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Lower statue of limitations gets Senate hearing

A Missouri Senate committee is weighing a bill that would reduce Missouri’s statute of limitations for personal injury suits to two years from the date of injury.

The Senate Judiciary and Civil and Criminal Jurisprudence heard testimony on the bill on Jan. 11, marking the first bill seeking changes to Missouri’s tort laws to get a hearing this session.

Current law gives plaintiffs with claims of personal or bodily injury up to five years to file a lawsuit. The bill’s sponsor, Sen. Dan Hegeman, R-Cosby, said most states’ statutes of limitations are three years or less.

“It is simply common sense that most injured persons use reasonable due diligence to pursue their claim as soon as practicable,” he said. “Most people want justice and then to move on with their lives.”

But Ken Barnes, the current president of the Missouri Association of Trial Attorneys, said a two-year limit would prevent justice for more people than the senators realized. Barnes, of the Barnes Law Firm in Kansas City, noted a former client who was in a medically induced coma for two years following a head-on collision.

“To take from them their right to redress, their right to hold those accountable who are responsible for these life-altering injuries by shortening this timeframe, is just to me reprehensible,” he said.

Bills seeking a two-year statute of limitations have been introduced in the Missouri legislature each year since at least 2018. Last year’s version, which Hegeman also sponsored, was debated in the Senate but was set aside after an all-night debate. Similar legislation is pending this year in the House.

A raft of business groups spoke in favor of the change. Dana Frese, the president of Healthcare Services Group, who testified on behalf of the Missouri Organization of Defense Lawyers and the Missouri Hospital Association, said the bill would make sure that defendants had fresh evidence available for their defense and would not have the threat of litigation hanging over their heads for long periods of time.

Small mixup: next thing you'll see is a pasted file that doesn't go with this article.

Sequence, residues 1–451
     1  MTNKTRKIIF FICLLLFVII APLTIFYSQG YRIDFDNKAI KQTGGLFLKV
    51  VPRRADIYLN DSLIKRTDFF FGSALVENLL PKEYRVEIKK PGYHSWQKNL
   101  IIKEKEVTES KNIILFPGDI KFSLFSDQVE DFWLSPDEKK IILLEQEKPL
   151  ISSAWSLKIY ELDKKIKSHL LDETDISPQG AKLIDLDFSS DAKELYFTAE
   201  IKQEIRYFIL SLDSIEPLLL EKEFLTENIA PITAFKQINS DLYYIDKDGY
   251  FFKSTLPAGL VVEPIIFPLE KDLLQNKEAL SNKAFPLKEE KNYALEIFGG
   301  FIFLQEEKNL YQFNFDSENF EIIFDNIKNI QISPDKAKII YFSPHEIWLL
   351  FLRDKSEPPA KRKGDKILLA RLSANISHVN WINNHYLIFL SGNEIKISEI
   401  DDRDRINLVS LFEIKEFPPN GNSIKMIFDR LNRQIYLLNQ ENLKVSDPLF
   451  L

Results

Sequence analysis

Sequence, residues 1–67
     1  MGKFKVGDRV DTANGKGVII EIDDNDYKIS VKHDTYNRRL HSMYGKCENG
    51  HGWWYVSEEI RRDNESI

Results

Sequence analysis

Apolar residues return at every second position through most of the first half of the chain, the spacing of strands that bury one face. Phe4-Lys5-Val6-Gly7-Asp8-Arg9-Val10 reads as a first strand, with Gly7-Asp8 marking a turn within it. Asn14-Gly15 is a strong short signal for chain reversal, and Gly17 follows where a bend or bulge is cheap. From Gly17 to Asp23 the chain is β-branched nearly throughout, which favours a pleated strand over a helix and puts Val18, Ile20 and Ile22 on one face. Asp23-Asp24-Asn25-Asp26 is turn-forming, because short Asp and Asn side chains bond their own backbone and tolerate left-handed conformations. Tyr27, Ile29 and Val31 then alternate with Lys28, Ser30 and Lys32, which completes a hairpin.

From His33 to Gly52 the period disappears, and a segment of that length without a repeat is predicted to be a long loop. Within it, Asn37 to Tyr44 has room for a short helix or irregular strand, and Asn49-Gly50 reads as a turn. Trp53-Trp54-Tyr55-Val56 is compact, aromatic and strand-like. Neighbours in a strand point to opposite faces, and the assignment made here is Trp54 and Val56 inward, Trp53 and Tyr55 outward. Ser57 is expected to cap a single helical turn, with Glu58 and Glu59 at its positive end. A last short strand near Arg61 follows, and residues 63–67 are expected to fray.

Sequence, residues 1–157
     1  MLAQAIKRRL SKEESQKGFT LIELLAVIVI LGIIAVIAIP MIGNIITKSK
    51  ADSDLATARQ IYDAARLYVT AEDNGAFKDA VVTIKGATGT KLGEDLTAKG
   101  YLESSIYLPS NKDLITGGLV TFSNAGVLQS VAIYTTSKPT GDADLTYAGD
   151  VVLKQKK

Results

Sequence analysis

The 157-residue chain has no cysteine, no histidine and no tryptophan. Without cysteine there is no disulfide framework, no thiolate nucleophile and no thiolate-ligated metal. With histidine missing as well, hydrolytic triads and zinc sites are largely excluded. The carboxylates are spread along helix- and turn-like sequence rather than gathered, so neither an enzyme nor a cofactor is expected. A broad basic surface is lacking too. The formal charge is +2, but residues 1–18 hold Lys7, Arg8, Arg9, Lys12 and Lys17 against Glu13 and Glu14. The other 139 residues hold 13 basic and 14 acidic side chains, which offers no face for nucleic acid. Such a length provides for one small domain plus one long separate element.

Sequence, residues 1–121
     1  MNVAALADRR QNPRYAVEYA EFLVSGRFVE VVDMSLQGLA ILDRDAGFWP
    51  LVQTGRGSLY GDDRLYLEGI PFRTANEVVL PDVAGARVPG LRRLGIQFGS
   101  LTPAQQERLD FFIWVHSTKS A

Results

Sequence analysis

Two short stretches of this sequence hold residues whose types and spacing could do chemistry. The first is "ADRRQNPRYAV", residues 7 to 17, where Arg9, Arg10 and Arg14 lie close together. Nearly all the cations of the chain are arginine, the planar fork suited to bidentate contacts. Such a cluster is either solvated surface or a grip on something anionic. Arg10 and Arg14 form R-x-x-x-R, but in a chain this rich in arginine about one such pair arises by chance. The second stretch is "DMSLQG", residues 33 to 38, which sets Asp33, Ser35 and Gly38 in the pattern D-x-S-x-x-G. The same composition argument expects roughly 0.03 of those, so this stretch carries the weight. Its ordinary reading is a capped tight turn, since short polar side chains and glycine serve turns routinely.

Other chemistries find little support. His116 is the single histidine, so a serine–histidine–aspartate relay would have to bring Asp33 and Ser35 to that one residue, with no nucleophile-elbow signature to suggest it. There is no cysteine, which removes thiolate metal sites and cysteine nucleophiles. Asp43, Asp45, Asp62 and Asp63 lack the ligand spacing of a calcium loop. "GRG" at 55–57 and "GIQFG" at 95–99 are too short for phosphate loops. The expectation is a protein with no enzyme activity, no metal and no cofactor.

“Permitting an individual to file a bodily injury lawsuit five years after an accident is fundamentally unfair to the defendant,” Frese said. He said all eight of Missouri’s bordering states have shorter time limits, most of which are two years.

The bill preserves a five-year limit for other causes of action, such as contract disputes. Frese defended that distinction, saying both parties have copies of their contracts and are aware of their terms, yet businesses sometimes don’t know there was an accident or injury until a lawsuit is filed.

Sen. Steve Roberts, D-St. Louis and an attorney, asked if the shorter limit would prompt attorneys to file more lawsuits lest they miss the deadline. Frese, however, said defendants often will agree to extend the deadline if the parties are in the middle of good-faith negotiations.

But Sen. Karla May, D-St. Louis, said many injured people simply aren’t ready to pursue litigation within two years of an injury.

“When you’re trying to recover, you’re not in the mind frame to fight,” she said.

One such person is Kristi Howard, a St. Louis woman who testified against the bill based on her personal experiences. Howard said an imaging center missed signs of her breast cancer, allowing the disease to progress for eight additional months before she began treatment. By the time she was well enough to consider litigation against the center, the statute of limitations had expired. The limit for medical malpractice claims, which appears in a separate statute, has been set at two years for decades and isn’t affected by this year’s proposal.

“It’s too late for me, the law has already changed,” she said. “But you don’t have to do this to someone one else.”

Attorney Ryan Krupp, also of MATA, asked the committee to consider the issues facing victims of sexual assault, who frequently don’t disclose or even comprehend their assault until years later. The two-year limit, he said, would “silence their voices.”

Sen. Bob Onder, R-Lake St. Louis, a medical doctor who holds a law degree, noted an incident in the St. Louis area in which numerous people were molested at a laser surgery center.

“It was really only when the first one or two cases came forward that dozens came forward,” he said.

The bill is SB 631.

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